September 06, 2021
Warren Buffet observed that when the tide goes out, you can see who has been swimming naked. There are many examples in recent years of healthcare enterprises that have been unable to successfully protect against cyber threats, only for the tide to recede and reveal their lack of… anything much.
Hospitals have increasingly become targets, betting that executives will make swift payouts to restore lifesaving technology. As Covid-19 hospitalizations soared since 2020, there were more ransomware attacks in healthcare than any other industry.
Hospitals say cyberattacks are complicating their operations and hurting profits, adding to pressure on a $1.2 trillion sector that is under heavy strain from the COVID-19 pandemic. Universal Health Services Inc. said a malware attack in late September cost the hospital chain $67 million last year before taxes. Universal Health says revenue dropped as patients went elsewhere for care, and it incurred expenses to restore its operating systems. The attack on Universal Health Services and those at other hospitals last year involved ransomware, people familiar with the incident said, a malicious software that shuts users out of their own data. Hackers then demand payment to unlock it. During the attack at Universal Health last fall, the company shut down computer systems for medical records, laboratories, and pharmacies across 250 U.S. facilities, resulting in continued disruption for weeks.
At Sky Lakes Medical Center in Klamath Falls, Oregon, hackers struck in the last week of October. The hospital’s director of information services, John Gaede, received a phone call at 3:30 a.m learning of the attack. They raced to contain the malware and were able to halt the spread, but doctors and nurses were left without access to computerized medical records. Results from magnetic-resonance imaging and other scanning equipment that doctors use to diagnose diseases were also taken offline.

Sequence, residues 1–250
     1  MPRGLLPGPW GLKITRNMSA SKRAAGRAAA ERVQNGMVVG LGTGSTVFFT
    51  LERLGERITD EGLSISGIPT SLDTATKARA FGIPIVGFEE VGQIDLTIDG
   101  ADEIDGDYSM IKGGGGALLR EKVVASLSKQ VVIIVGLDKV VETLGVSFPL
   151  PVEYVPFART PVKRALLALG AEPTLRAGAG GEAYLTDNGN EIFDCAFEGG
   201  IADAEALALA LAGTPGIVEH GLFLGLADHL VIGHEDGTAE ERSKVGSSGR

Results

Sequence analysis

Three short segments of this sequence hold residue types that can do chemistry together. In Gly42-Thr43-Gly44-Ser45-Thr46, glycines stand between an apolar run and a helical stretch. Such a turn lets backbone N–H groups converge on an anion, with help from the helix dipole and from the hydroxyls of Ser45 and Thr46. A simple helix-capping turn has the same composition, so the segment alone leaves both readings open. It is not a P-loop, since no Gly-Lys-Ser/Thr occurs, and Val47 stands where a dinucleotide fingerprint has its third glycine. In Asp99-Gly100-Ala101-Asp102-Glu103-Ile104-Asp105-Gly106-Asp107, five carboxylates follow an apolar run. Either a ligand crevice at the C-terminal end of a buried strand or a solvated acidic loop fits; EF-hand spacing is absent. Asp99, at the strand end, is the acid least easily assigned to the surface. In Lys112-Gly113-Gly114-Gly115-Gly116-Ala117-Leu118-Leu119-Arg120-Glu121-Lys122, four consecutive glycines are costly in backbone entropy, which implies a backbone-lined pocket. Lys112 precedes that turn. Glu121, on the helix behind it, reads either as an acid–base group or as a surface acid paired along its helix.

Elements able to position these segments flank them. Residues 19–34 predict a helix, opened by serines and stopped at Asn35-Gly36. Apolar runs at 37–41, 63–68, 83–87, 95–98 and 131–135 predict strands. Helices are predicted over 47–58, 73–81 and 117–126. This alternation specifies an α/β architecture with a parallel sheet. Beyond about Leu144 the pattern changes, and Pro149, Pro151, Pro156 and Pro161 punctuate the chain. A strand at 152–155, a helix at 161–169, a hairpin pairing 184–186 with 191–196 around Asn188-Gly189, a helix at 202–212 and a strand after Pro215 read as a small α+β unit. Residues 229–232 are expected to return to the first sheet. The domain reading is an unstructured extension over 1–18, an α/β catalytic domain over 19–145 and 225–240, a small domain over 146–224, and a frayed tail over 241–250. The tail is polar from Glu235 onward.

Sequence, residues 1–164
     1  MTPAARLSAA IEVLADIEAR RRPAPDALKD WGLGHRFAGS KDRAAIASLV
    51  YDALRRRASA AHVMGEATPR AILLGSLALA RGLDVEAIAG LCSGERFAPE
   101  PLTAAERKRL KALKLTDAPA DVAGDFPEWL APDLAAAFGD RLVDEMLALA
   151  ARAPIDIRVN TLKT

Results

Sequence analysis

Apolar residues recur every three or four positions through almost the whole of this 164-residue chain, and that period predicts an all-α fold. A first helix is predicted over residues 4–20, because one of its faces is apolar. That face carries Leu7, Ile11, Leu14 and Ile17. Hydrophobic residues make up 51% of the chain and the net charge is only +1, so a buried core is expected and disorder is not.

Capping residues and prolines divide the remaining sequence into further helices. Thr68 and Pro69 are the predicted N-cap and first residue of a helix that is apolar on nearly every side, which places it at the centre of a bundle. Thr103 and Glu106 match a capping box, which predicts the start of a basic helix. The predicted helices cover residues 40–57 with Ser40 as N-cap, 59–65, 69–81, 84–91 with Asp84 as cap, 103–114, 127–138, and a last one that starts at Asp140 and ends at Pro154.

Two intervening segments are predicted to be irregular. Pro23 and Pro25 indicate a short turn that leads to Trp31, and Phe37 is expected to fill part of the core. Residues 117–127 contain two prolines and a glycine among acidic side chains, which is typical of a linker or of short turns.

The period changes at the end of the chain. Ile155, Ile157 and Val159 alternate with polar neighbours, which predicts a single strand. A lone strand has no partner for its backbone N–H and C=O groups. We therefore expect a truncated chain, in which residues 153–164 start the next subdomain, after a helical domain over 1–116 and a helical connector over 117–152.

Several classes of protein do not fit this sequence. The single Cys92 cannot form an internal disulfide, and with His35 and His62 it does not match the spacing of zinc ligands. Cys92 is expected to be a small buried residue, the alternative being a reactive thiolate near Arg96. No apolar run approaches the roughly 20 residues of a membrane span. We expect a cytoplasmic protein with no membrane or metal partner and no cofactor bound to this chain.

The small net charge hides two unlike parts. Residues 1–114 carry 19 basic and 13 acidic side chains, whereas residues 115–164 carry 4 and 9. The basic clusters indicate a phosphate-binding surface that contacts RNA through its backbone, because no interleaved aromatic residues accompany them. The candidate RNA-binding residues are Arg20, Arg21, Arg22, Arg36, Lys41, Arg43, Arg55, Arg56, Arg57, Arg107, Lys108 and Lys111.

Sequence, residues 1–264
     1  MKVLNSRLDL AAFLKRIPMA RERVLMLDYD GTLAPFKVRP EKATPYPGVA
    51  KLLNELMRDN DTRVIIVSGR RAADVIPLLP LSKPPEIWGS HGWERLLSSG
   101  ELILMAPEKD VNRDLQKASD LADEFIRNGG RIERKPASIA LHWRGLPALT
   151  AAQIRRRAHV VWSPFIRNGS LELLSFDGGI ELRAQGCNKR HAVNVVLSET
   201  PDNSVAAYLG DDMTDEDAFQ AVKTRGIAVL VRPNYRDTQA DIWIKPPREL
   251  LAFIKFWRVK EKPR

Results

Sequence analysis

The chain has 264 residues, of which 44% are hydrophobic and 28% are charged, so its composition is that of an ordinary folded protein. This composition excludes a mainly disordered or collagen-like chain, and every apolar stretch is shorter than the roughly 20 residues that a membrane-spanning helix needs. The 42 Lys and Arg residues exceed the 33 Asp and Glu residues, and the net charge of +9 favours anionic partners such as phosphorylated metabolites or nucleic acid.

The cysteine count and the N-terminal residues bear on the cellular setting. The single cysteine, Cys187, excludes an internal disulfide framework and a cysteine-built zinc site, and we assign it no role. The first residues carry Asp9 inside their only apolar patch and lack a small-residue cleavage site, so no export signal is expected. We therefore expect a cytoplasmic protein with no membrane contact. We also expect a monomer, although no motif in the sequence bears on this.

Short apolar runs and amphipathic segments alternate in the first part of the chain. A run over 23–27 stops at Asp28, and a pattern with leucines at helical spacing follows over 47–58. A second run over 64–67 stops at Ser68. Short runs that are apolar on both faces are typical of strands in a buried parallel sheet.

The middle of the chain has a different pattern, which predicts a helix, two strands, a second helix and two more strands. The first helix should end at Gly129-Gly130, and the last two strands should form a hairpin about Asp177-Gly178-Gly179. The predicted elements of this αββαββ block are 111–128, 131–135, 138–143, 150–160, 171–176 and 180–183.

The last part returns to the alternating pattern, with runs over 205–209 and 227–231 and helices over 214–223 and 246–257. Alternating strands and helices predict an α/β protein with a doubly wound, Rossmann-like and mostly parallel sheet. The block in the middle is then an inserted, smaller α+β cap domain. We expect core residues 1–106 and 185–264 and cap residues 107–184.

Nowhere is resilience on better display than in nature. Trees are designed to bend but not break under the weight of snow or high winds. Our bodies automatically clean our blood, renew our cells, and formulate a response when unwelcome viruses and bacteria try to take hold.
Nature is inherently designed for resilience— and we believe, it’s time for healthcare organizations to take a similar approach to security.
This requires a move from a posture of cybersecurity to one of Cyber Resilience.
Nature was designed with the recognition that things can and inevitably will go wrong. This is equally true of security incidents, as there is no question that they will occur. When we erect virtual walls aimed at thwarting every invasion, we are working to achieve the unattainable goal of cyber certainty.
The better approach? Architect systems and processes for Cyber Resilience. In other words, design the actual assets to be difficult to attack, to minimize impact and potential loss when an event happens, and to continuously deliver the intended capability—no matter what.